Morning Security Brief: Norwegian Tragedy, Heroism, and Security; Drug Cartels; Use of Force; and More

By Carlton Purvis


►In the face of a horrific mass killing by a right-wing fanatic who methodically attacked unarmed minors at an Island camp, the people of Norway will now face the same tough security choices that the U.S. and other nations that have suffered attacks have been grappling with, notes the Wall Street Journal. Though this was not an attack from an international terror organization, the International Business Times notes that Wikileaks cables showed that as far back as 2009 U.S. officials prodded Norway to increase its security. One specific cable said that Norwegian law enforcement felt that international terror organizations were not a direct threat against Norway. “Other diplomatic documents noted that Oslo officials thought their nation was ‘immune’ from terrorist attacks,” the International Business Times reports. The Telegraph reports on a German tourists heroism that saved 30 lives during the incident.

►The Los Angeles times has a feature, “Unraveling Mexico's Sinaloa drug cartel,” on how cartels move drugs from Mexico into the United States. The piece, the first in a series, uses interviews from convicted cartel members along with DEA reports, transcripts of testimony, and information gathered from phone surveillance. It details techniques and countermeasures cartels use to traffic their most valuable loads, among other information.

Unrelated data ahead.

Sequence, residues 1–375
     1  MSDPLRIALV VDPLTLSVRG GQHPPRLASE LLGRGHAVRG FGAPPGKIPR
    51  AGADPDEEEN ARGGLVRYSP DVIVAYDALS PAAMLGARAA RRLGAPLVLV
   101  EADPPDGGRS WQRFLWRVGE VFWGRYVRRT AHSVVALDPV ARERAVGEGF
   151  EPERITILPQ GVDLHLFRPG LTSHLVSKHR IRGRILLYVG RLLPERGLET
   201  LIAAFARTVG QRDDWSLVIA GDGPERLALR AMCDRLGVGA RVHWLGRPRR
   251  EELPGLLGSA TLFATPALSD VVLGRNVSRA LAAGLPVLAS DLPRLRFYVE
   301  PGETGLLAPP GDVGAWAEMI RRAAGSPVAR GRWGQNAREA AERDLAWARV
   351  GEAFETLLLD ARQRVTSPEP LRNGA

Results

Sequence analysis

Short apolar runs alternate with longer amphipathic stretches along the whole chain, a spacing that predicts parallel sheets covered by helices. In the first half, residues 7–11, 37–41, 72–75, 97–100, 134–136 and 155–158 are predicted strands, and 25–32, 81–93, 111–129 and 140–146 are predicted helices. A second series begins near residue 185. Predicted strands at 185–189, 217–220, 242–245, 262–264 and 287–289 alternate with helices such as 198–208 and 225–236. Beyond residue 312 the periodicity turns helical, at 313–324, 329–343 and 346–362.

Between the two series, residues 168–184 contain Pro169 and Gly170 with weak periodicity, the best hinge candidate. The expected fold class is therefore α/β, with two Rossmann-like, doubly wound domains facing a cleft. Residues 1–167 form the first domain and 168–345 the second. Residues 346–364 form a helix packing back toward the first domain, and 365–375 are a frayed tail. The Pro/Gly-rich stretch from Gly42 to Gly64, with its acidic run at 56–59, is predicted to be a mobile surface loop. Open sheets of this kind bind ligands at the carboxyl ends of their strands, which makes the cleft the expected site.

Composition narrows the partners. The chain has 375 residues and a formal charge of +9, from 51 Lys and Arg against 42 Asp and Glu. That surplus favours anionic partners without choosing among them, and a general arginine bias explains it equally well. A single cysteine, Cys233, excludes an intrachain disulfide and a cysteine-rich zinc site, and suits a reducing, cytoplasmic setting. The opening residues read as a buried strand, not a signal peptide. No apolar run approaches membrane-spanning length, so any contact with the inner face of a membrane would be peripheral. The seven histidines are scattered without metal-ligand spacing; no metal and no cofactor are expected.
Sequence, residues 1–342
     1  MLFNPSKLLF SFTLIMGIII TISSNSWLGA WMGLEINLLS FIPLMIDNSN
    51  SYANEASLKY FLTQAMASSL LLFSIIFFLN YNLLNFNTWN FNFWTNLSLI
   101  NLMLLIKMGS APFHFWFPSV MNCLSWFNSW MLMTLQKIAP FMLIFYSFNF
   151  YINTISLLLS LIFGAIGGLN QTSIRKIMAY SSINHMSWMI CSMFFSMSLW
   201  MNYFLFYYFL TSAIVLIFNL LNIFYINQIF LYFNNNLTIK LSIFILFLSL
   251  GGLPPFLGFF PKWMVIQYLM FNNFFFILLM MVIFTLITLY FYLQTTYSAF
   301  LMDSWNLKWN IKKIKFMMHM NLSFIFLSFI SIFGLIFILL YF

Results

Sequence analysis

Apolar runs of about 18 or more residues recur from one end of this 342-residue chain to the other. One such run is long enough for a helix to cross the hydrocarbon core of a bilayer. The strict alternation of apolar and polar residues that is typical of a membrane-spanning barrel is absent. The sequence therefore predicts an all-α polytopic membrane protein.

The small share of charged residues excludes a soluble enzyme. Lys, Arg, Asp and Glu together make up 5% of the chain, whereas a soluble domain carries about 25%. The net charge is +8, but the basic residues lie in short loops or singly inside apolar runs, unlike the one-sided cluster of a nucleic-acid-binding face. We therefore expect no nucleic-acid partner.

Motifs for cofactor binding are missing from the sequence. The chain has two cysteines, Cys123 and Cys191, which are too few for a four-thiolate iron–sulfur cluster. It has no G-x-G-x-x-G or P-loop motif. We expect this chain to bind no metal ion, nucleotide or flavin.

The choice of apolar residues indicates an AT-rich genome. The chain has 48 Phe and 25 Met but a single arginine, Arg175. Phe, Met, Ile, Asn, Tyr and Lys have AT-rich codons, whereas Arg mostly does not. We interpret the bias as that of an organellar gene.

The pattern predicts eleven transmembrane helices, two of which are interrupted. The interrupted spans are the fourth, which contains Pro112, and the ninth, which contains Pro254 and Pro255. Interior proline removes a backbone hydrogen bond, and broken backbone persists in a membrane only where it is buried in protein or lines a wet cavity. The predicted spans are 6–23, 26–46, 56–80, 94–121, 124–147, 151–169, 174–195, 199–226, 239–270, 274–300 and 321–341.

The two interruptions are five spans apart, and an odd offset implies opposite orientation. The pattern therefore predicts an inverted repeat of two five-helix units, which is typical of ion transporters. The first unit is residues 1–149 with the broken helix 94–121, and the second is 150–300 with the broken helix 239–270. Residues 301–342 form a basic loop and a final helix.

►Victoria, the second most populous state in Australia, is considering stricter regulation for the security industry after incidents involving use of force by casino bouncers. Victorian Premier Ted Baillieu asked Victoria Police for advice on whether more regulation of the security industry was needed after video emerged of security at the Crown casino roughing up two off-duty police officers, the Herald Sun reports. A man died earlier this month after he was pushed to the ground and restrained by Crown bouncers. The Herald Sun says it obtained a copy of a Crown tactics manual that teaches staff to use “violent body blows.”

►Websense encourages Internet users to use caution when clicking search results to breaking news stories after a Facebook scam based on the Olso, Norway, attacks spread across the Web at the rate of one user per second. “Tragedy is just one type of news that the bad guys use to exploit, compromise, and infect your computer. Videos are an especially popular lure. We saw the same thing when Osama bin Laden died and when Casey Anthony was acquitted,” Websense said in a statement. Websense said that searching for breaking news and recent trends actually presented a higher risk than searching for objectionable content like pornography. “During times of crisis or breaking news, your best bet is to stick with the largest news organizations you trust. Avoid the potentially dangerous halls of search engines and social media sites, which are more susceptible to compromise and manipulation,” it states.

►In other news, Memphis, Tennessee officials are cracking down on human trafficking. ⇒ Pakistan introduces its first UAV squadron.⇒ And CNN says LulzSec and Anonymous are the least of your hacker worries, calling them the equivalent of prank callers and graffiti artists.


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